The daily Nebraskan. ([Lincoln, Neb.) 1901-current, July 19, 1960, Page Page 3, Image 3

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    TUESDAY, JULY 19, 1960
Summer Nebraskan
Page 3
The influence of one art or
culture on another is a confir
mation rather than an affir
mation, according to Dr. Pru
dence R. Myer of Tulane Uni
versity. Dr. Myer is a guest on the
University of Nebraska cam
pus through the summer pro
gram of the Far Eastern In
stitute. Seek First
Speaking Monday evening
on the "Western Image of
Eastern Art," Dr. Myer ex
plained that to be influenced
by the art of another culture,
one must first be searching
for something.
The seeking may or may
not be conscious, she ex
plained. It may be conscious,
but not explainable unjil the
sought becomes the found.
But it must be sought, Dr.
Myer emphasized.
What makes people seek
other cultures?
One reason for the quest,
according to Dr. Myer, is the
"cult of conformity."
When everything begins to
be too much alike, she ex
plained, people seek valid
parts of other cultures.
Search for Validity
Thus, she said, we learn
about other ways of life, other
forms of art, other religions
than those to which we are ac
customed and try to bring
what seems valid from them
into our own lives and cul
tures. There are other reasons as
well for an awakening inter
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Art Sought
est in the Orient and especi
ally in Japan, she said.
Mysterious Land
One reason is the aura of
mystery which surrounded
Japan until it was "opened"
for trade in the last century.
Before and immediately after
trade commenced, she ex
plained, the "naivete" of the
Western world about Japan
was amazing.
"The awareness of the East
has expanded just incredibly
in the last century," she said
"It is a cliche tcay so, it is
so obvious," Dr. Myer added.
Common knowledge about
Japan today, information
known even to small children
in modern America, was mys
terious and unknown a cen
tury ago.
A book on Japanese art
written in 1897, for example,
had to devote considerable
space to describing the slid
ing paper walls of Japanese
homes and to explaining the
now-familiar ricksha, she ex
plained. Knowledge Abounds
Today, she said, "Just
keeping one's eyes open one
can acquire a considerable
amount of knowledge" about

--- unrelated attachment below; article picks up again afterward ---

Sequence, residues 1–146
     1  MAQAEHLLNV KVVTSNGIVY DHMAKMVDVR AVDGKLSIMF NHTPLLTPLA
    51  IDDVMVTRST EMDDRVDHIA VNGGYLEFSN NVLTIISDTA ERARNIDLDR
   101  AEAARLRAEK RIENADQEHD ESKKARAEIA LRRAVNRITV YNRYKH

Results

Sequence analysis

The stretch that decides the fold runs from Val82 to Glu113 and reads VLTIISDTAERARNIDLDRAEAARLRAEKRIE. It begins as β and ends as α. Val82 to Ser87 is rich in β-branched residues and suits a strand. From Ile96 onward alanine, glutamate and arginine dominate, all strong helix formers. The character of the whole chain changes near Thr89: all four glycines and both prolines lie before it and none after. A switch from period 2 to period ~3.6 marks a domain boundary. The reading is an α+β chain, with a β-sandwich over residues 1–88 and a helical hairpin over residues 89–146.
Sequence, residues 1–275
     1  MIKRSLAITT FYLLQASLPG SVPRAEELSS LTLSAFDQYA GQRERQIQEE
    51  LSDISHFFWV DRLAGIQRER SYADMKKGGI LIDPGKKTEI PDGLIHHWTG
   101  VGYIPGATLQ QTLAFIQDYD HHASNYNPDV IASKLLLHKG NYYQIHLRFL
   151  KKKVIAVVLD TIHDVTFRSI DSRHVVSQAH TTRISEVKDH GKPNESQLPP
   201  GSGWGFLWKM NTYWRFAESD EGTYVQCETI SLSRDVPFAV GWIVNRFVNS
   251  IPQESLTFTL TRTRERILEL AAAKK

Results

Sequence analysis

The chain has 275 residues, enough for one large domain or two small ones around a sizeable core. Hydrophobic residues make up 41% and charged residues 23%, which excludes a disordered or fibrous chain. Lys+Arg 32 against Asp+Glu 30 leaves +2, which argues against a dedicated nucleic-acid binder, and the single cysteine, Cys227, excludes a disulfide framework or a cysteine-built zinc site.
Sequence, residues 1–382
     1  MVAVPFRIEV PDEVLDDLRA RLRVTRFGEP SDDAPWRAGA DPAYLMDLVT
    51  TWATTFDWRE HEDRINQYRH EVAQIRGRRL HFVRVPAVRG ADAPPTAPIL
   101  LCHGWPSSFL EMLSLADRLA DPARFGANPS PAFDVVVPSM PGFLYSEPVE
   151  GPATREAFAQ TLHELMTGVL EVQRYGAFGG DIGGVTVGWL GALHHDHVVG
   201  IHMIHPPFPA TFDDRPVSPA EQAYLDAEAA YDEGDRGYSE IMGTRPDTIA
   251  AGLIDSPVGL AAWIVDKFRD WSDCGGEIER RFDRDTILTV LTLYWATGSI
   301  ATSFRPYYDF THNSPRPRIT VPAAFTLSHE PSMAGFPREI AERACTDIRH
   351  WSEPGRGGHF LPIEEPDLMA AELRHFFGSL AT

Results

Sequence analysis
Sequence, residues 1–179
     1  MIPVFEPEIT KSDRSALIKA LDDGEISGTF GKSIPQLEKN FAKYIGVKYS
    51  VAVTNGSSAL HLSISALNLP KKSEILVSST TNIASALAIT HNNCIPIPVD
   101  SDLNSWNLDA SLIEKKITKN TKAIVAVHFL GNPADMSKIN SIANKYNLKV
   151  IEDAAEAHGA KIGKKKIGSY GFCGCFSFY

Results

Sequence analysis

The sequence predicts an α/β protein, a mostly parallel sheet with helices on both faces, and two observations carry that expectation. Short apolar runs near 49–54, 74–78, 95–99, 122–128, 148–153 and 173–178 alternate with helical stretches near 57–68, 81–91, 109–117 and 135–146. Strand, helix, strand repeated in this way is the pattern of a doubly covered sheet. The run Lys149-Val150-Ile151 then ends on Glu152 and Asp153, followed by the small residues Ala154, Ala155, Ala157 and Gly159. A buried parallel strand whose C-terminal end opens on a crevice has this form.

Japan and the other Oriental
Popular magazines carry
frequent articles on Oriental
art and culture, Dr. Myer
noted. Valuable information
can be gleaned from articles
on major acquisitions of mu
seums, from descriptions of
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special art exhibits of Jap
anese work, from news, fea
ture and depth articles writ
ten in and about Japan.
Books that would have cost
her $15 to $25 when she was
in college, containingv prints
of Japanese art, are sold to
day in paperback from for
$1.25, Dr. Myer said.
"There is no excuse," with
the possible exception of
time, for any interested per
son being unable to become
informed about Oriental art
and culture today, she said.
Varied Influenced
'Beyond art, examples of
Japanese and Oriental cul
ture are all around us, she
said, especially in home dec
orations. "Every furniture manufac-
turer in Grand Rapids mates
a line of Japanese or Chi
nese furniture," she com
mented. Willoware Is an example
of the Chinese influence in
china, she said. Made in Eng
land, Willoware shows a
strong Eastern influence in
its design. Today, she laughed,
we can buy inexpensive imi
tations of Willoware made in
Shoji screens, familiar to
most readers of home and
women's magazines, are an
other example of Japanese
culture used widely in mod
ern America.
And what of the Japanese
people? Is the influence two
edged? In modern Japan "bright
young things" work as secre
taries and in stores, wearing
the trimmest of Western
sheaths, elegant in Western